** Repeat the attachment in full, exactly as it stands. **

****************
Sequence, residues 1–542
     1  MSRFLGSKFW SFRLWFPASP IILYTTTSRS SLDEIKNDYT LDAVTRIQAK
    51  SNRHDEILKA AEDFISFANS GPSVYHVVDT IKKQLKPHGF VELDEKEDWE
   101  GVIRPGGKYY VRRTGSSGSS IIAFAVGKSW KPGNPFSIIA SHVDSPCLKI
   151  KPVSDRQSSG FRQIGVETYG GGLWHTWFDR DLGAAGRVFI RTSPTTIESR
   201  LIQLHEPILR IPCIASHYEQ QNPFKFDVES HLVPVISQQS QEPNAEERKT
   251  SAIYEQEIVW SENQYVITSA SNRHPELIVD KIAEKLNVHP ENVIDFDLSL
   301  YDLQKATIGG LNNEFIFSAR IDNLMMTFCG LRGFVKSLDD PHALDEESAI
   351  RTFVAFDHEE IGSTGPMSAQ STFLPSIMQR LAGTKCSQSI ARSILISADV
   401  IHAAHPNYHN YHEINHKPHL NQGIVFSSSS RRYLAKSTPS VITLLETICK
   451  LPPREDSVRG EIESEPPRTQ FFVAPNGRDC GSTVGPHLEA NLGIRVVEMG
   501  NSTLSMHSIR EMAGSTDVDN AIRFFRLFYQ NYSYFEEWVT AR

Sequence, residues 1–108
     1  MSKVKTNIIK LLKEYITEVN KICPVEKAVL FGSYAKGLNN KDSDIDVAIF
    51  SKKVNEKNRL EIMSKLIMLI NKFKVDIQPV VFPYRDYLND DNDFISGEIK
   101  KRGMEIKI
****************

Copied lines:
Sequence, residues 1–542
     1  MSRFLGSKFW SFRLWFPASP IILYTTTSRS SLDEIKNDYT LDAVTRIQAK
    51  SNRHDEILKA AEDFISFANS GPSVYHVVDT IKKQLKPHGF VELDEKEDWE
   101  GVIRPGGKYY VRRTGSSGSS IIAFAVGKSW KPGNPFSIIA SHVDSPCLKI
   151  KPVSDRQSSG FRQIGVETYG GGLWHTWFDR DLGAAGRVFI RTSPTTIESR
   201  LIQLHEPILR IPCIASHYEQ QNPFKFDVES HLVPVISQQS QEPNAEERKT
   251  SAIYEQEIVW SENQYVITSA SNRHPELIVD KIAEKLNVHP ENVIDFDLSL
   301  YDLQKATIGG LNNEFIFSAR IDNLMMTFCG LRGFVKSLDD PHALDEESAI
   351  RTFVAFDHEE IGSTGPMSAQ STFLPSIMQR LAGTKCSQSI ARSILISADV
   401  IHAAHPNYHN YHEINHKPHL NQGIVFSSSS RRYLAKSTPS VITLLETICK
   451  LPPREDSVRG EIESEPPRTQ FFVAPNGRDC GSTVGPHLEA NLGIRVVEMG
   501  NSTLSMHSIR EMAGSTDVDN AIRFFRLFYQ NYSYFEEWVT AR

Sequence, residues 1–108
     1  MSKVKTNIIK LLKEYITEVN KICPVEKAVL FGSYAKGLNN KDSDIDVAIF
    51  SKKVNEKNRL EIMSKLIMLI NKFKVDIQPV VFPYRDYLND DNDFISGEIK
   101  KRGMEIKI